Kären Wigen

  (Redirected from Kären E. Wigen)

Kären Esther Wigen (born December 29, 1958)[citation needed] is an American historian, geographer, author and educator. She is a history professor at Stanford University.[1]

Early life and educationEdit

Wigen was born in East Lansing, Michigan, United States.[citation needed] She graduated from University of Michigan in 1980, where she studied Japanese literature. She earned her doctorate at the University of California at Berkeley in geography in 1990.[1]


Wigen taught at Duke University beginning in 1990.[citation needed] Currently she is Frances and Charles Field Professor of History, Stanford University.[1][2] She specializes in East Asia, and she teaches Japanese history and history of cartography.


Wigen's first book, The Making of a Japanese Periphery, 1750-1920 (1995), explores southern Nagano Prefecture in Japan and how the silk industry transformed it. The Making of Japanese Periphery, 1750-1920 won the 1992 John K. Fairbank Prize of the American Historical Association.

She studied the same locality in her second book, A Malleable Map: Geographies of Restoration in Central Japan, 1600-1912(2010), exploring the roles of cartography, chorography, and regionalism. A Malleable Map, wrote one reviewer, examines how "protoindustrial enterprises" such as sericulture and papercraft appeared on maps and reflected larger economic and political changes over roughly four centuries from the Tokugawa period through the Meiji period. Wigen focuses on how the relationship between regional and national identities "played an integral role in the creation of modern Japan".[3] She argues that the pictorial and nonpictorial ways in which the geographical location of Shinano was shown redefined the ways in which people conceived of the place. These ways were "malleable" because they changed according to the needs and priorities of Tokugawa shoguns, merchants, Meiji officials, travelers, and scholars.[4]

Her third book, The Myth of Continents: A Critique of Metageography (1997), co-authored with Martin Lewis, explains why the present system of classifying certain landmasses as "continents" is comparatively recent and derived more from historical accident and political concerns than from natural geographical features. Reviewers also generally welcomed The Myth of Continents. One noted that readers would find it a "useful volume" which dealt with Eurocentrism, Afrocentrism, Orientalism, postcolonial thought, and geographic education. Because it summarized classic and contemporary research, the volume was "an important stepping-stone between frequently obtuse, jargon-laden academic works on the one hand, and popular views of geography on the other." Lewis and Wigen's concern is metageography, which they define as "the set of spatial structures through which people order their knowledge of the world" They find that geographies are "much more than just the ways in which societies are stretched across the earth's surface. They also include the contested, arbitrary, power-laden, and often inconsistent ways in which those structures are represented epistemologically."[5]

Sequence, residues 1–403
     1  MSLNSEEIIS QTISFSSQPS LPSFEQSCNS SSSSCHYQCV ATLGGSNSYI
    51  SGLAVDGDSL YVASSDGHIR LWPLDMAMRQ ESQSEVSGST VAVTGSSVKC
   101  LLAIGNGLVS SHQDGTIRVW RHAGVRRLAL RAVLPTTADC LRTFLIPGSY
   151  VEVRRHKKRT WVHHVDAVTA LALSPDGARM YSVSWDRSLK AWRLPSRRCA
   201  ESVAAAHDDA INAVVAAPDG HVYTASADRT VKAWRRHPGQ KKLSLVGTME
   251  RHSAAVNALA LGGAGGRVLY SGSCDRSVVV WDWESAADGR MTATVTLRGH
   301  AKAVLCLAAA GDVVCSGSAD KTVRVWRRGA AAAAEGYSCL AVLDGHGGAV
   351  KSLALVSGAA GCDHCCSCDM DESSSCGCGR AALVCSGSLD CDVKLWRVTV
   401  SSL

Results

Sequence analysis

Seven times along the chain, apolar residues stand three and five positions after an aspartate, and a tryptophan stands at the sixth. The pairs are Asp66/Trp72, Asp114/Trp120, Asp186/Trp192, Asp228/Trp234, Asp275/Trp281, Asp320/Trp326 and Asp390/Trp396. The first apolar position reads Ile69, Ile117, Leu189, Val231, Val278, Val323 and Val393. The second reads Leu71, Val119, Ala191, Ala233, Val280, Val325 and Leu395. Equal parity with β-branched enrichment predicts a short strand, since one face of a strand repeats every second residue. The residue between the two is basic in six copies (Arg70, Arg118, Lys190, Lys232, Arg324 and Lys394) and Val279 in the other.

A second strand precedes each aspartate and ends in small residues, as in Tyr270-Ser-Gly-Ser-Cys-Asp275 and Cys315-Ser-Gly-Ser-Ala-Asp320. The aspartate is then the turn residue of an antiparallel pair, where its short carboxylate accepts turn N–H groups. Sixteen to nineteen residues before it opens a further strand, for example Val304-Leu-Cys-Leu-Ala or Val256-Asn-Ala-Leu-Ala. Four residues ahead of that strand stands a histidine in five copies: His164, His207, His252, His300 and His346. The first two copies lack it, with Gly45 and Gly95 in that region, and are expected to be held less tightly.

The anthropologist Rita Kipp in reviewing the book wrote:

What is "mythical" about the canonical seven continents we learned in school is that their sometimes arbitrary boundaries can derail our generalizations about culture and history. The way "Africa" is used in much Afro-centric scholarship, for example, overlooks the cultural divide marked roughly by the Sahara Desert. Perhaps the most vexing continents, however, are Asia and Europe, the boundary between them being the tinder for many scholarly disputes. Martin and Wigen object, above all, when geographical determinism creeps into our talk of these "continents," as if the land forms themselves and their analytical separability explain why people live and think differently in these places.[6]